Mike Sarow was on a trip to California when he conceived his strange device.
He’d been talking with a friend, and she was on a roll, and he became so enthralled by what she was saying and so concerned he was going to forget it that finally he broke in: “You know what, I’m gonna save this.” He held out his left wrist and tapped it, firmly, as if issuing a command.
The two of them laughed. It was a hell of a compliment, but she knew there wasn’t anything on his wrist — no fanciful recorder that could reach back into the past and recover her words. Sarow knew it too, but he also knew that that was only because he hadn’t invented it yet.
It’s sort of like dark matter, the stuff we say aloud to each other: it’s this enormous, ubiquitous presence, it may well glue the human world together, and yet it leaves hardly any trace of itself. People talk a lot, in fact almost ten or twenty times more than they write — something like 15,000 words per day. But whereas almost everything we type is committed to an infinite searchable record, the words we say go about as far as the air carries them, which, depending on how you think about it, is either just as it should be or something of a massive tragedy.
This latter view is the starting point for Kapture, the name of Sarow’s device and of the company he co-founded with Matthew Dooley in Cincinnati to build it. The Kapture, in development for about two years, and finally shipping later this fall, is a wristband that passively records everything in a 5-foot radius.
The trick is that it only ever keeps the last 60 seconds, which you can save by tapping the device. So you don’t have to know in advance if something will be worth saving — you can “kapture” a spontaneous moment right after it happens. And if you never tap it, it never saves anything.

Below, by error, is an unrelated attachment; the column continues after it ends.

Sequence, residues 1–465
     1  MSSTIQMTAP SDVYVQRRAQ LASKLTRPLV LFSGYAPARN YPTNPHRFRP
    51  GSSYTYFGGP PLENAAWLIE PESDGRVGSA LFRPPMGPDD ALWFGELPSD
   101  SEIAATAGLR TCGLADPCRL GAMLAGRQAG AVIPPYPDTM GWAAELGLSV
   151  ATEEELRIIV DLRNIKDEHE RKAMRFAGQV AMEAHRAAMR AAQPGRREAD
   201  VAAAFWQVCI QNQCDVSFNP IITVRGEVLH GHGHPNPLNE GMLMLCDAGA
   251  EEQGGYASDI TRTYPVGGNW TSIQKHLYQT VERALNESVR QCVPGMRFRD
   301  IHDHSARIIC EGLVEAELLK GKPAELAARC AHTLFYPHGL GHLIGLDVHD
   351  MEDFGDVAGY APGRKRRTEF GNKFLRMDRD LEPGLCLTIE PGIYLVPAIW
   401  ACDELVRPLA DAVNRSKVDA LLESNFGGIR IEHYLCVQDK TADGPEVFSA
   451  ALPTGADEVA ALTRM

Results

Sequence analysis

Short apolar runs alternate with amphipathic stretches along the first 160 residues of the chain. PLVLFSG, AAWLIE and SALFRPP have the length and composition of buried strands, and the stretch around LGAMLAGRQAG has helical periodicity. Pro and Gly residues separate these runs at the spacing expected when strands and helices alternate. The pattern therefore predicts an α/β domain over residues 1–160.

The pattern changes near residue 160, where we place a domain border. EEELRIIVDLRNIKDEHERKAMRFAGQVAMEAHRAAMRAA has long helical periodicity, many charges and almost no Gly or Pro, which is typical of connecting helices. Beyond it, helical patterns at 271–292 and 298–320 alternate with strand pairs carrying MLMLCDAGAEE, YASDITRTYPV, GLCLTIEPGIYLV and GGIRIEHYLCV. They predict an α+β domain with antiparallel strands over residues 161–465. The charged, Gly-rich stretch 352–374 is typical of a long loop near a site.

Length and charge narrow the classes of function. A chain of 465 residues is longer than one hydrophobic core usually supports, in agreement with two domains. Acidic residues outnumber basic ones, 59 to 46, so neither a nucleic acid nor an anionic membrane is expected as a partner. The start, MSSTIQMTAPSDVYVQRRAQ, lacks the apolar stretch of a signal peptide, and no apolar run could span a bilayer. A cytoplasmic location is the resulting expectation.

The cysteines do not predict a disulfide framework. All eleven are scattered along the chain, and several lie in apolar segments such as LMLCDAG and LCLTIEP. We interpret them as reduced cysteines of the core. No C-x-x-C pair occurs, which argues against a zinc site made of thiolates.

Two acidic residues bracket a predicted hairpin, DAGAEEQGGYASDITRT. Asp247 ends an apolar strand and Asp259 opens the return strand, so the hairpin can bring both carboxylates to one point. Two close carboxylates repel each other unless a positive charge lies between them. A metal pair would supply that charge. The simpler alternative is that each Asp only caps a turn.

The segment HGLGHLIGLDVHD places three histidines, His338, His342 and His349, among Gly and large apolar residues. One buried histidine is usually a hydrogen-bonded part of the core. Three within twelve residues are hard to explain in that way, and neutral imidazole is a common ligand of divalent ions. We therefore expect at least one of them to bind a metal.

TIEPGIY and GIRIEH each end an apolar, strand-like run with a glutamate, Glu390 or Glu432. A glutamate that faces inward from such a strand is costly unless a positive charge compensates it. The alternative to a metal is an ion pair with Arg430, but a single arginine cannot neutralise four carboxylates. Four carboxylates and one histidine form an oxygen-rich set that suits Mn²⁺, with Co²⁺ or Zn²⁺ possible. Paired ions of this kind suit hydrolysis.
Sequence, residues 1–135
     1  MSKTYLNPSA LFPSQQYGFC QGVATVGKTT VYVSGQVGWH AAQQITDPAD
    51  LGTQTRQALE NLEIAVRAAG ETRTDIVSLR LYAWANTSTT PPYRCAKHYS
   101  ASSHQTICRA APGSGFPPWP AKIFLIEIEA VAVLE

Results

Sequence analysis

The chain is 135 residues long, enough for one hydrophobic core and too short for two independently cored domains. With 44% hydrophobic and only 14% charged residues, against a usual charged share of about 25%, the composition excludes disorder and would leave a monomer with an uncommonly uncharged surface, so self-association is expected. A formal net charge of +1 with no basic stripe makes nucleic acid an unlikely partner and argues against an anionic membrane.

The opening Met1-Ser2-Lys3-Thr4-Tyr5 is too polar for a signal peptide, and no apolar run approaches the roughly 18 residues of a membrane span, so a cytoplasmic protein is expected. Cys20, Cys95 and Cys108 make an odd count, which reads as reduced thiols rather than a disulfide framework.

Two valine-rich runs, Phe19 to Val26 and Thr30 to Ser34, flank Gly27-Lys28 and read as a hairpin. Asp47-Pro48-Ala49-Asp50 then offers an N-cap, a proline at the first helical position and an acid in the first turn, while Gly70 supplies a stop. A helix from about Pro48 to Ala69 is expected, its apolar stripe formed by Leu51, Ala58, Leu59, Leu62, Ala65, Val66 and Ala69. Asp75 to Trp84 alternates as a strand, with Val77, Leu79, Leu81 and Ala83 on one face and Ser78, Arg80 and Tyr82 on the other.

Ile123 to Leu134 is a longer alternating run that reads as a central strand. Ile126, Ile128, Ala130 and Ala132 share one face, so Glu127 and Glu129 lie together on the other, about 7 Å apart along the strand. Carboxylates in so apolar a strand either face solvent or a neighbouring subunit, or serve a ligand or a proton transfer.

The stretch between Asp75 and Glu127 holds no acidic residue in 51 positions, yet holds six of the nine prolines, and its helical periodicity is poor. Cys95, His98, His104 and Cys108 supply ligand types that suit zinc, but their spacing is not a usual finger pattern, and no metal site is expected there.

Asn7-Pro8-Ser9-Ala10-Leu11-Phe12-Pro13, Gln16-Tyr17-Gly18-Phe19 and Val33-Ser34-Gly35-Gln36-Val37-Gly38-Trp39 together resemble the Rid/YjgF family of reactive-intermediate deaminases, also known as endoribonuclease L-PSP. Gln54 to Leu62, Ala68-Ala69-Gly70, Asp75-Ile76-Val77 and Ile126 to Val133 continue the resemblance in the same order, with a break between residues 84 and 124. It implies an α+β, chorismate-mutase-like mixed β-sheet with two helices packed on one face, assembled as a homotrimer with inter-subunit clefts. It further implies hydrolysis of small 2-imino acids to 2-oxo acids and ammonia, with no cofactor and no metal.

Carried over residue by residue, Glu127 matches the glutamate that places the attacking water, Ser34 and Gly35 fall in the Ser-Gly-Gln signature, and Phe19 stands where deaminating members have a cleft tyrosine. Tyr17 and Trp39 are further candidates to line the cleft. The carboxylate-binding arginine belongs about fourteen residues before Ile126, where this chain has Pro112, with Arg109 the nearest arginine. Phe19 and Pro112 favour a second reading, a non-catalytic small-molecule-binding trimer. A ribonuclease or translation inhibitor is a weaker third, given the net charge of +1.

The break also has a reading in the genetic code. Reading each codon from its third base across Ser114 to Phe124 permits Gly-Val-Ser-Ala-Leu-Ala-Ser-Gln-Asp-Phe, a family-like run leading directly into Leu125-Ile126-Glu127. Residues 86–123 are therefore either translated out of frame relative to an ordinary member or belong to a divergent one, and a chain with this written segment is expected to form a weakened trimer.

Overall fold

When Kapture floated their idea on Kickstarter, there was a groundswell of support, with $162,000 worth of backers enthusiastically dreaming up ways they’d use the device: musicians would save riffs, parents would chronicle their kids’ darndest moments, professionals would take notes on the road, and so on. Sarow explains that a lot of people find something icky, at first, about the concept of an always-on wristband recorder; but then, a few days later, they come back listing all the times they would’ve used it. There have been so many of these reports that Sarow and Dooley now collect them into an unusual document: “testimonials” from customers who haven’t yet used the product.
I think what’s happening (and what happened to me) is that when you find out that a device like this exists, but you don’t have one, you start feeling a little pang of regret whenever there’s a snatch of speech or a joke or a moment that you would’ve saved, if saving it were really just a tap away. It’s like you become a reporter of your everyday life, listening for the good stuff. It’s not unlike that reflex you develop when you first get a camera you can carry everywhere — with the option, always, to take a picture, the visual world glows and pops with opportunity (“here’s something that’d make a good Instagram”). But so why shouldn’t your ear now, like your eye then, get trained this way?
“When we see a thing we like, we take a picture of it, and we’re pretty diligent about it,” Sarow says. “There are 400 million photos added to Facebook per day.” And yet, if you hear something you like, “there’s nothing you can do about it.”